The Loftsman
Leith Shipyards

A history of the Ships built at the Henry Robb Shipyard in Leith, Scotland. Also a testimony to the men who built the Ships and to all who sailed in them.
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Home Ships Built in Leith 1939 to 1945 M.S.C. NYMPH - Yard No 320 - Tug - Manchester Ship Canal - Built - 1942

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M.S.C. NYMPH - Yard No 320 - Tug - Manchester Ship Canal - Built - 1942



The flag of the Manchester ship Canal Co, Ltd.

 MSC NYMPTH Ship No 320 towing a ship on the canal.

(Photo by kind permission the M.S.C.Co, Ltd)

Owners    Manchester Ship Canal Company Ltd
Registered    Manchester Keel Laid    
Type of Ship    Diesel Tug Launched    17/12/1941
     Lloyds Class 1 for towing services Handed Over    
Ship Details          
Length Overall     Launch Details    
Length B.P.    86' 0" Weather    
Beam    23' 0" Time to Water    
Depth Mld     12' 0"      
G.R.T.    131 tons      
Engines   Crossley Diesel 2 stroke,single acting reciprocating internal combustion engine producing 770h.p.      
Props    2      
Speed    10.25 knots      
Other known names    1970-SQL1    
Current Status   Scrapped in 1981    

Content on MSC NYMPH will be added as and when available. 



 The tug Nymph outbound on a tow on the Manchester Ship Canal 1962

(Photograph by Ken Smith, Warrington)


Ships History

Once a ship had been built and launched she then had to be out-fitted, and then complete sea trials
before being handed over to her new owners, who would look to have that ship at sea, as long as possible to to pay for her build costs and of course to make the company good profits.

To this end one company may have had no requirement for a particular ship after a time and would then sell her on just like any other disposable commodity.

Hence a ship may have had a few owners and would go through many changes and names during what was hoped for a long and successful working life.MSC NYMPH was the Fourth of the four ship order for Diesel-engine tugs from the Manchester Ship Canal Company Ltd. This order had been put back a little due to the outbreak of World War II. The order was still required, despite the war and the tug was launched from the Leith Shipyards of Henry Robb.

She was launched late 1941.

Nymph and Sister Neptune both reported sold in 1956.I (Keith Smith) think it was later - to South Ocean Services, Portsmouth, renamed SQL1 and SQL2 for salvage operations to remove nickel plating from the WW1 14,000 –ton cruiser H.M.S. Drake which sank on 2nd October 1917 in the North Channel of the Irish Sea, - by a torpedo from the German U-boat U-79 .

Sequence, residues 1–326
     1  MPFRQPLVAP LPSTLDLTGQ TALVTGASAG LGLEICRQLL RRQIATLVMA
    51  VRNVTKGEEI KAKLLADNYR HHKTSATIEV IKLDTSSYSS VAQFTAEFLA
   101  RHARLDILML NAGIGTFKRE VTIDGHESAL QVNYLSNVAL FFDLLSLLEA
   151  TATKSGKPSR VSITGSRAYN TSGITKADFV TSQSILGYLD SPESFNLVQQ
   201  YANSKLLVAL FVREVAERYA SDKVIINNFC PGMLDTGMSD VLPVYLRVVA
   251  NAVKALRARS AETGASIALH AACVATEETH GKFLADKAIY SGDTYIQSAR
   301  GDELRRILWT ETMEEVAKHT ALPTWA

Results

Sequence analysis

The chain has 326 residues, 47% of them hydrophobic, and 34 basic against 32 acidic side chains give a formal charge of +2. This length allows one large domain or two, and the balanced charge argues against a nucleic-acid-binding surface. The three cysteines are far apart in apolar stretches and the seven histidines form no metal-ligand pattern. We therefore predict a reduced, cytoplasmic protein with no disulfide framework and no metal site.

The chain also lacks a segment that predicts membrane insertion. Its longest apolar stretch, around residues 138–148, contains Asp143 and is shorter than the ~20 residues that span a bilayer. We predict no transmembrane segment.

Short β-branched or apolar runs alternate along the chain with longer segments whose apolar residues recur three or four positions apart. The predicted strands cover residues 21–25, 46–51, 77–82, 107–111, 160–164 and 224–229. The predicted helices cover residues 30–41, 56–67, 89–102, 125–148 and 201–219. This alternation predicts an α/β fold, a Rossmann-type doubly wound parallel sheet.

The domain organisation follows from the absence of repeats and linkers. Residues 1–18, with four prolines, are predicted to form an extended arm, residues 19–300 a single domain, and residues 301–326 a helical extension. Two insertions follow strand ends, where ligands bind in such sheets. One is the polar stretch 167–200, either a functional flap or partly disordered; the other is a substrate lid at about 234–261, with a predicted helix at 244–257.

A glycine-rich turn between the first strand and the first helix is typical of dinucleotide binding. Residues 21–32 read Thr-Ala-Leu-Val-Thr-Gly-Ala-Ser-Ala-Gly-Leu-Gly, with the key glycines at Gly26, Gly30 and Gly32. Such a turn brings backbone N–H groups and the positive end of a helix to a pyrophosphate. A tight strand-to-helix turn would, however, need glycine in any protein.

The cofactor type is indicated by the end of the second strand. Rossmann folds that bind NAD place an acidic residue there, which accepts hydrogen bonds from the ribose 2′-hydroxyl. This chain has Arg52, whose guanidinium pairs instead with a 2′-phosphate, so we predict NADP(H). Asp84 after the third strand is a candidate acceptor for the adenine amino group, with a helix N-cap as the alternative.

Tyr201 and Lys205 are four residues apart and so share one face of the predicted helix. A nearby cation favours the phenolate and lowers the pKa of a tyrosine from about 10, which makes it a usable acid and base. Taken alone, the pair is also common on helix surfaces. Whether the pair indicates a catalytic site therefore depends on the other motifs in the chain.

1970 Both vessels may have passed on to one other owner
1980 finally owned by West Scotland Shipbreakers Ltd, Ayrshire, and both scrapped 1981

Note:- They were in fact sold on to South Ocean Services of Portsmouth in 1970.

They were superior it was said at the time to the steam powered tugs previously built for the company. The tug NYMPH along with NEPTUNE was scrapped in 1981 after a working life of 40 years service on the canal.

We try here to give as full an account of her history as time and research permits, if you know of missing info
or you have any photographs of her, then please get in touch and we shall update her story as we go along.


Tales from the Ship

Here you will find the stories from the men and women who sailed on the ships, what was it really like to be working on a ship in a raging sea and in the pitch dark of night, the real stories some funny some sad, some good and some bad.

Dedicated to all the brave men and women who sailed the vessels from the Leith Shipyards.

Should you know of anyone who may have sailed on her, then please feel free to get in touch so that we can add the story here.



The above photograph by Ken Smith, Warrington

Outward bound-Keith Smith
MSC Nymph When I was a schoolboy I knew the Nymph skipper's son who lived next to the control box at Stockton Heath Swing Bridge, I spent a weekend on board in 1958 travelling from Latchford Locks to Salford Docks as lead tug, an experience that I have not forgotten. Photographed here as she passes Coopers Sand Quay at Walton shortly after I had left her that Sunday afternoon

Note in the background the funnel of the Mary P. Cooper being a regular visitor to the quay it's ironic that she worked in this area ,sank a few hundred yards away at Stockton Heath ,raised and taken Naylor's Quay 100 yard away and cut up for scrap to the water line ,the hull moved 100 yards to the remains of the Old River Head were it remained for a time before being buried---but not alone three concrete constructed barges are also buried in the old river one under the park ,two somewhere under Gainsborough Road


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0 #1 K Barlow 2015-08-06 12:42
My Grandfather, T A Guest, was Senior Engineer to the MSC at the time of the launch of the Nymph. I still have a silver casket presented to my Grandmother (Ethel) on the occasion of the launch, 17/12/1941.
Finding these details of the Nymph helps fill in some of my family background, thank you.

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